Representative examples of ester groups for use herein include, by way of example, a carboxylic acid ester having one to 20 carbon atoms and the like.

Representative examples of ether or polyether-containing groups for use herein include, by way of example, an alkyl ether, cycloalkyl ether, cycloalkylalkyl ether, cycloalkenyl ether, aryl ether, arylalkyl ether wherein the alkyl, cycloalkyl, cycloalkylalkyl, cycloalkenyl, aryl, and arylalkyl groups are as defined herein, e.g., alkylene oxides, poly(alkylene oxide)s such as ethylene oxide, propylene oxide, butylene oxide, poly(ethylene oxide)s, poly(ethylene glycol)s, poly(propylene oxide)s, poly(butylene oxide)s and mixtures or copolymers thereof, an ether or polyether group of the general formula —R20OR21, wherein R20 is a bond, an alkyl, cycloalkyl or aryl group as defined herein and R21 is an alkyl, cycloalkyl or aryl group as defined herein, e.g., in the case of L as defined in Formula VII, the ether-containing group can be —CH2CH2OC6H4— or —CH2CH2OC2H4—; or in the case of R1 and R2 as defined in Formula VII, the ether-containing group can be —CH2CH2OC6H5 or —CH2CH2OC2H5, and the like.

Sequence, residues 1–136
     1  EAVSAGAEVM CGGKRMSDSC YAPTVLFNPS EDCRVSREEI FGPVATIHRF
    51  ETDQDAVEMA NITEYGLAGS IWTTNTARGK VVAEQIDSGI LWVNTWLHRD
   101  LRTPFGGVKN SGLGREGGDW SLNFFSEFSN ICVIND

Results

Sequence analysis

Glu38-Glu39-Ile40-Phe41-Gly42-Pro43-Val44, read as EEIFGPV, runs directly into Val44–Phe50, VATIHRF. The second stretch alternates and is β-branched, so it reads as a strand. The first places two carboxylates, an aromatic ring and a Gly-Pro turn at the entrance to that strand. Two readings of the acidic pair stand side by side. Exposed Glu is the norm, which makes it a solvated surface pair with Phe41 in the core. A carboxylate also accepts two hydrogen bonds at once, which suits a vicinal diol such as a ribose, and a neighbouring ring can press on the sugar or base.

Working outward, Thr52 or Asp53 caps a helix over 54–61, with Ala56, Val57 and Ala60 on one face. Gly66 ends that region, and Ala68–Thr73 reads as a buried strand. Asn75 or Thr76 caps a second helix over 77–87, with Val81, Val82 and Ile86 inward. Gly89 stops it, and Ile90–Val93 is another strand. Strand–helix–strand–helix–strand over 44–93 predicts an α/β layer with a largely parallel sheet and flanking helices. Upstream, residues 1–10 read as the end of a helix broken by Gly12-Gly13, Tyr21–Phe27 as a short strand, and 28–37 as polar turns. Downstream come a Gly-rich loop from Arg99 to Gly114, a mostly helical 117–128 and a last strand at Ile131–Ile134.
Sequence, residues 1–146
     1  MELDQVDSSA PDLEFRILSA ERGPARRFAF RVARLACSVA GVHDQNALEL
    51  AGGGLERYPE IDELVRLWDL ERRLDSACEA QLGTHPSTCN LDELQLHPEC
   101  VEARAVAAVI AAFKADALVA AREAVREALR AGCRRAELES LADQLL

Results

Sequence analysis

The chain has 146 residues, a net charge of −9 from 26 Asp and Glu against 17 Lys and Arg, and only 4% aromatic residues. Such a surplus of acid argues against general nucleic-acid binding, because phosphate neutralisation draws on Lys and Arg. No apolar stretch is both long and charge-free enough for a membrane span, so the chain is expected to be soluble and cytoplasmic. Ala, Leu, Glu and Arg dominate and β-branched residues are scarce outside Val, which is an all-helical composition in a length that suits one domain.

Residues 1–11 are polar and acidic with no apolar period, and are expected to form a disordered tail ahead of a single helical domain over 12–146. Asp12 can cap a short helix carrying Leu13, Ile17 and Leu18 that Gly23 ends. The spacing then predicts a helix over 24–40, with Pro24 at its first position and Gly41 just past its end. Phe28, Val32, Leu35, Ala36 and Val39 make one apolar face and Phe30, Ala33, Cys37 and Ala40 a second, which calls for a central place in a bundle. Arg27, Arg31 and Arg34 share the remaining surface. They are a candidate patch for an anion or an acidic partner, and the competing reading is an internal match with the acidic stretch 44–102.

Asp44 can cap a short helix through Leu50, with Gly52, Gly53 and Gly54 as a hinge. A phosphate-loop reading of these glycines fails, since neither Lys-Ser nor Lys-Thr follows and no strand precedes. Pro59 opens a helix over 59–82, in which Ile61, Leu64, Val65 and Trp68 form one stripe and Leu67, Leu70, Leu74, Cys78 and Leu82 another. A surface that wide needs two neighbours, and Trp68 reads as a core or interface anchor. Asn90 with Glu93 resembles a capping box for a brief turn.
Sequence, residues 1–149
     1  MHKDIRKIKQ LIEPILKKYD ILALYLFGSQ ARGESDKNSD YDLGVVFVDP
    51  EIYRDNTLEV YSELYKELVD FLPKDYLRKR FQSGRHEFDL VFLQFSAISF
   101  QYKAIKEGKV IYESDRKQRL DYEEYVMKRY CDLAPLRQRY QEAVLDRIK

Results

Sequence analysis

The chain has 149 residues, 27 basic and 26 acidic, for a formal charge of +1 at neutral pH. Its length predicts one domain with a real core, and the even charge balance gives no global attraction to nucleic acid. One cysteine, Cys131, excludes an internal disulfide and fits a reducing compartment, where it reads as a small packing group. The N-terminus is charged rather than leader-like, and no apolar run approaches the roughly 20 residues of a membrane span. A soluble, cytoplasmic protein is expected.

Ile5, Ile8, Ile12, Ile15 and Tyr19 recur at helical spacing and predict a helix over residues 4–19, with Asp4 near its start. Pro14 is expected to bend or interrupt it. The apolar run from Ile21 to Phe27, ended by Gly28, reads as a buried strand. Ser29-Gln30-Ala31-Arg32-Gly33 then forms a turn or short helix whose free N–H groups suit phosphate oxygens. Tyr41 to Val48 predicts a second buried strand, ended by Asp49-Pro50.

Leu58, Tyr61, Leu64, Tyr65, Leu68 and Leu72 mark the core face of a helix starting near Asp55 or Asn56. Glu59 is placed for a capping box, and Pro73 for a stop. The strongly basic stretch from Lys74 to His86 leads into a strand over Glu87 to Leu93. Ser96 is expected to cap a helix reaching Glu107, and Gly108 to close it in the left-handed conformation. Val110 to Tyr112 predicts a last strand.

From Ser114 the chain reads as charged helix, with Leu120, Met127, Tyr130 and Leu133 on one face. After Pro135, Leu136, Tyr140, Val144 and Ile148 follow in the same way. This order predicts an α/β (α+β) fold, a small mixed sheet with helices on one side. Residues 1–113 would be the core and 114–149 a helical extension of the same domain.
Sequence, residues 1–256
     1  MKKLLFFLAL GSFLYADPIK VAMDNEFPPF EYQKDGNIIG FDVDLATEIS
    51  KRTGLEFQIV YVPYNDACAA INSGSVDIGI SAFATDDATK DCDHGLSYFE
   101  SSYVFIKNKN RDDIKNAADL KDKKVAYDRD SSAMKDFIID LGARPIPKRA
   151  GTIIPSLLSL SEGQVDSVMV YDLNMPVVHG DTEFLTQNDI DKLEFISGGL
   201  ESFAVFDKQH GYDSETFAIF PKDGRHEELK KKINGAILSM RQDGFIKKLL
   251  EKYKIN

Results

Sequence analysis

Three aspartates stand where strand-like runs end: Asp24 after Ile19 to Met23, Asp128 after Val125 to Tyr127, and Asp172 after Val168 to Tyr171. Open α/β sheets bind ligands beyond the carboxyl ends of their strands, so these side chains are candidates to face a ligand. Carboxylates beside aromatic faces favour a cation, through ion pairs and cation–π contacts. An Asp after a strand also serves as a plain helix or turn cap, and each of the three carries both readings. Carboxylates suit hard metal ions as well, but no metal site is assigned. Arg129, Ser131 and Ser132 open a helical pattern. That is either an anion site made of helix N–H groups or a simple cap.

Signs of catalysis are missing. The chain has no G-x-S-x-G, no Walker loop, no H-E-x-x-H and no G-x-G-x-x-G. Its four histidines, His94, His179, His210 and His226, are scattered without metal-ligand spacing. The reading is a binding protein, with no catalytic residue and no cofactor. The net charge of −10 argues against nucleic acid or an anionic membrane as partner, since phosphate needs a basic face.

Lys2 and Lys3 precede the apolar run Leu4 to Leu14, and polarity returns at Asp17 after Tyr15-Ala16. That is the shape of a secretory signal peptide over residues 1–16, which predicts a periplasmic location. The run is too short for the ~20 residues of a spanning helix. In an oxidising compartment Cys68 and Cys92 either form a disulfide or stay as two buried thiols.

Representative examples of amide groups for use herein include, by way of example, an amide of the general formula —R23C(O)NR24R25 wherein R23, R24 and R25 are independently C1-C30 hydrocarbons, e.g., R23 can be an alkylene group, arylene group, cycloalkylene group and R24 and R25 can be an alkyl groups, aryl group, and cycloalkyl group as defined herein and the like.

Representative examples of amine groups for use herein include, by way of example, an amine of the general formula —R26NR27R28 wherein R26 is a C2-C30 alkylene, arylene, or cycloalkylene and R27 and R28 are independently C1-C30 hydrocarbons such as, for example, alkyl groups, aryl groups, or cycloalkyl groups as defined herein, and the like.

Representative examples of an ureido group for use herein include, by way of example, an ureido group having one or more substituents or unsubstituted ureido. The ureido group preferably is an ureido group having 1 to 12 carbon atoms. Examples of the substituents include alkyl groups and aryl groups. Examples of the ureido group include 3-methylureido, 3,3-dimethylureido, and 3-phenylureido.

Representative examples of alkoxy groups for use herein include, by way of example, an alkyl group as defined above attached via oxygen linkage to the rest of the molecule, i.e., of the general formula —OR29, wherein R29 is an alkyl, cycloalkyl, cycloalkylalkyl, cycloalkenyl, aryl or an arylalkyl as defined above, e.g., —OCH3, —OC2H5, or —OC6H5, and the like.